Saute the meatballs in olive oil until dark and crispy on the outside. Don't worry if the don't cook through. They will simmer in sauce later. So, pull the meatballs to a pull and start a sauce. You can make any red sauce you like. For this meal, I did one 28 oz can of crushed tomatoes, one 14 oz can of diced tomatoes, salt, pepper, and some more dried herbs. Oh, and a few smashed cloves of garlic. Add the meatballs back to the pan and simmer over low heat for an hour or so.

Toss cooked pasta with the sauce and plate up with a few meatballs per person. This batch made 22-24 meatballs. If you want, you can freeze the leftover meatballs and sauce for a later meal. We just packaged the leftovers up for lunch.

With dinner last night, we had a glass of the Biltmore Estate's Pinot Noir. Very tasty! We must have liked it at the tasting we attended in Asheville, NC in December, since we bought two bottles. We forgot how much we enjoyed it. A great spicy, jammy flavor with a light body. It paired nicely with meatballs and sauce.

Monday, May 17, 2010


This is chicken( & fried yuca). It is delicious!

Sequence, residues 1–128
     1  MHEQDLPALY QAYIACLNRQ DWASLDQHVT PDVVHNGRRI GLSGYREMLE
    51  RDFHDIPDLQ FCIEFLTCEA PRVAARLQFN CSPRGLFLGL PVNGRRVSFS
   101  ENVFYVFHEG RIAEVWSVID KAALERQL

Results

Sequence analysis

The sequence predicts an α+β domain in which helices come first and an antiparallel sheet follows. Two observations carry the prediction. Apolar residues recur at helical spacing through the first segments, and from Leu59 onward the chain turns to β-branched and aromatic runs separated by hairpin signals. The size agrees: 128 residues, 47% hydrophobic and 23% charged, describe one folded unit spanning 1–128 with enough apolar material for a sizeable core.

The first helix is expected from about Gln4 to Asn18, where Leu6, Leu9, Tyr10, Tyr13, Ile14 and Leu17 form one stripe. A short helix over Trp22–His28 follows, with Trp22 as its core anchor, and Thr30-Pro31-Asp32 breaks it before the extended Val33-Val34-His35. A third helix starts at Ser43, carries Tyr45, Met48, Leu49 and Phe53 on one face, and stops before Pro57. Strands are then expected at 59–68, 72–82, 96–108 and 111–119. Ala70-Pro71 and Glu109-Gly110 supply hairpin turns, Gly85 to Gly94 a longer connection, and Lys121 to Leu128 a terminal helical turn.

New to our neck of the woods is a blink and you'll miss it restaurant. Chicken Delicious in Bladensburg, MD (on Hwy 450/Annapolis Road & Edmonston Road) in a strip mall with a Blockbuster and several small, independently owned shops. After multiple failed attempts to get the goods (either they were closed or SOLD OUT of chicken), we finally got some. A whole Peruvian-style (I think?) rotisserie chicken and two sides. Something like $14 bucks. Enough to feed two very hungry boys, leaving a little extra. Wonderful! We have since been back several times and are putting this to the top of our favorites, espcially for a quick local meal. The chicken is perfectly cooked. Delightfully seasoned and juicy. The sides can be hit or miss, but don't skip the fried yuca, ask to have it cooked extra crispy! The fries are fine, beans ok, plaintains weren't that good. We have also had the carne asada and that was pretty tasty too. There are only a few other items on the menu, including one or two sandwich options I think. But really, go for the chicken.